Andrey Soshnikov, a correspondent for the service Russian BBC in Moscow, told the BBC that some of these pages have hundreds of thousands of subscribers and their publications had a range of up to four million people.

“Your business is the astroturfing, that translates (in this case) to create a public opinion of pro-Kremlin through enormous amounts of identities on the internet“, explained Soshnikov.

In addition, he said that “the trolls russians also specialize in cyber-bullying and attack people with democratic viewpoints on the internet“.

 

What are you looking for this kind of campaign?


  • Promote or denigrate a causeis the manifestation more directly by the “false amplification”. Includes memes and false news.
  • Show distrust in institutionsundermining the status quo of political bodies or civil.
  • Generate confusion increasing tensions between followers, or cracking their bases.

 

 

 

 

 

 

 

Repetitive content and sensationalism


Facebook said that some of the techniques used by the administrators of those groups and pages include the creation of fake accounts, the distribution of repetitive contentand rapid publishing through different profiles and groups and the coordination of reactions.

 

It also speaks of the creation of pages and groups with the specific aim of generating sensationalism or broadcast news, and headlines very biased, often based on distortions of facts.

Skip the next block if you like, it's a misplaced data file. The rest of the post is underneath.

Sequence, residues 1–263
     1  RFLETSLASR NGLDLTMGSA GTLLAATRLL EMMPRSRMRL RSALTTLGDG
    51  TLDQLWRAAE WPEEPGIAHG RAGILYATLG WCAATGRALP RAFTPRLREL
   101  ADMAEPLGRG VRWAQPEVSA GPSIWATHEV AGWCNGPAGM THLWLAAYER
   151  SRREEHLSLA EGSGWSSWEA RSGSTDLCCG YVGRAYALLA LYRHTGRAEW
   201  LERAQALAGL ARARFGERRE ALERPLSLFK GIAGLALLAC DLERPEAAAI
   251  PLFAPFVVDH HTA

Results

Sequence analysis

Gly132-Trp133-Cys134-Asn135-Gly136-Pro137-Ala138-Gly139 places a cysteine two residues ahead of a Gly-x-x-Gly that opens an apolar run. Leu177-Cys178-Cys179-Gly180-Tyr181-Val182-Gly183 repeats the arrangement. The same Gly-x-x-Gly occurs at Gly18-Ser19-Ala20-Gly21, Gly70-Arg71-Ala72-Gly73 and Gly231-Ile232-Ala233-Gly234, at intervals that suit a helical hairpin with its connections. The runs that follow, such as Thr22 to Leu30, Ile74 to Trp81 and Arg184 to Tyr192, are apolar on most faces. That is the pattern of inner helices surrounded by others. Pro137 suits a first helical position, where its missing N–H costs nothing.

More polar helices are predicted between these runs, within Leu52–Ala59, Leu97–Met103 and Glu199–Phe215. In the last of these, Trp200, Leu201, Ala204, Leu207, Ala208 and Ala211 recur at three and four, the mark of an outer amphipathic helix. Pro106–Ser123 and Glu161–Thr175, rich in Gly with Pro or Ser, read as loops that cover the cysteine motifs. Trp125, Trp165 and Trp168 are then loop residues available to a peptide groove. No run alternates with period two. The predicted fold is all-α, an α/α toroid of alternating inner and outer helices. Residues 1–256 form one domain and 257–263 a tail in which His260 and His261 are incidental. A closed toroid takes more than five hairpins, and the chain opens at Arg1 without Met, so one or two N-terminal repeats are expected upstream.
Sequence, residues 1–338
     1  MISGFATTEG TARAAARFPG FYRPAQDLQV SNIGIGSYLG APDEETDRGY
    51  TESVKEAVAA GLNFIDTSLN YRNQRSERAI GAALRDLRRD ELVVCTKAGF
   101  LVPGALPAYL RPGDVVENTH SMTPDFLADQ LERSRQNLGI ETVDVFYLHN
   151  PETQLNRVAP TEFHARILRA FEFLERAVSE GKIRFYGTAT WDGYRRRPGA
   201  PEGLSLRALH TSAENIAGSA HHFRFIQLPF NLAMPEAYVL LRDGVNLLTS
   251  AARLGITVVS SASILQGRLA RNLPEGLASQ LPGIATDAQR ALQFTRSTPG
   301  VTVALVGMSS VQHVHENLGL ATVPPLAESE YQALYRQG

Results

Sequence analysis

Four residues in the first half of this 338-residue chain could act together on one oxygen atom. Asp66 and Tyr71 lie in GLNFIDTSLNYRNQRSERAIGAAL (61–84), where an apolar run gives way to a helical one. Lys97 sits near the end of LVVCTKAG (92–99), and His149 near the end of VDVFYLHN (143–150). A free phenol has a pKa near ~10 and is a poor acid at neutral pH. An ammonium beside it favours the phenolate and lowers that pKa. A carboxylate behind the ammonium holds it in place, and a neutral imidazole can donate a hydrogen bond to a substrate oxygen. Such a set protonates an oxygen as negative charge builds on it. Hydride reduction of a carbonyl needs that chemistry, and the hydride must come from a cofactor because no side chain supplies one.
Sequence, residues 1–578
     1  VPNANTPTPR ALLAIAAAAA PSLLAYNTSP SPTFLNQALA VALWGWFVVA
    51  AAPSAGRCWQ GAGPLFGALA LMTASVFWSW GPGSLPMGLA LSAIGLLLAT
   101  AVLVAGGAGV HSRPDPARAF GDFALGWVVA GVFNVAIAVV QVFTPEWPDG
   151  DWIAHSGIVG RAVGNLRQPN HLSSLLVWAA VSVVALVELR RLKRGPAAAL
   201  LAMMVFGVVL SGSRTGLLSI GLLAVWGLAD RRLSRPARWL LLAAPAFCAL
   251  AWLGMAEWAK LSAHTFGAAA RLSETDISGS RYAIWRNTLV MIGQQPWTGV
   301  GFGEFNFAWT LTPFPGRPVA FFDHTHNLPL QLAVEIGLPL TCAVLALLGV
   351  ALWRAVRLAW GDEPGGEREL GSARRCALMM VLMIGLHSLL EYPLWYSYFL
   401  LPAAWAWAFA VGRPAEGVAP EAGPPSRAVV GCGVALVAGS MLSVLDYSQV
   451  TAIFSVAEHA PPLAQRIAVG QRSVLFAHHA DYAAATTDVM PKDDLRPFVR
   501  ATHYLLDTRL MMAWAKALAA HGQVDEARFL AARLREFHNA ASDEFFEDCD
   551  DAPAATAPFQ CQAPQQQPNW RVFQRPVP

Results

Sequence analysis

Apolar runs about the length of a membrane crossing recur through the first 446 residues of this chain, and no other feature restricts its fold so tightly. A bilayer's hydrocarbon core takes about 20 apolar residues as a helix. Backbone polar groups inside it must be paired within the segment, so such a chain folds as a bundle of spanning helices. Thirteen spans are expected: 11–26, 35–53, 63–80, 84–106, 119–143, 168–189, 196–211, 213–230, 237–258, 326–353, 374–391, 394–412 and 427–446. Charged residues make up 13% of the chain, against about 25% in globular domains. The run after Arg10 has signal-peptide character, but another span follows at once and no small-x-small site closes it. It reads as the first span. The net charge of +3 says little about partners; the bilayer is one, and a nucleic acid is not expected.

The creation of memes “racist and defamatory” tends to be, according to the social network, another of the tactics used, using photos and videos manipulated.

 

In addition, he says that she does not use bots. usually be people behind these accounts.

 

“We have seen many actions on the part of those who operate fake accounts that could only be carried out by persons with language skills and a basic knowledge of the political situation in the chosen countries”.

 

 

 

Vladimir Putin
The Russian government has not spoken about it.

 

 

 

 

Since the republican Donald Trump won the presidential election on the 8th of November, there are a few that have pointed to an alleged interference of the Kremlin in order to achieve such a result.

 

First were the intelligence agencies of your own country, who accused “individuals with ties to the Russian government” to filter the thousands of emails hacked from the campaign of the Democratic Party.

 

After, several media outlets -led by The Washington Post and The New York Times- have published extensive reports on what they called the “car of the Kremlin” and their campaigns alleged campaigns in favor of Trump on social networks.

 

And little by little, heads were now turning towards Facebook and the idea of its possible use to disseminate false information and to manipulate the public opinion, especially the undecided voters.

After the barrage of criticism, the company responded. Its founder, Mark Zuckerberg, came to tell the BBC that he knew that “there is false information and content that is misleading,” and even stated that it assumed its responsibility to “fight” this problem.

On this occasion, Stamos clarified that Facebook has shared its findings with the U.S authorities and that it “will continue to work with them as much as necessary”.

 

SOURCE: BBC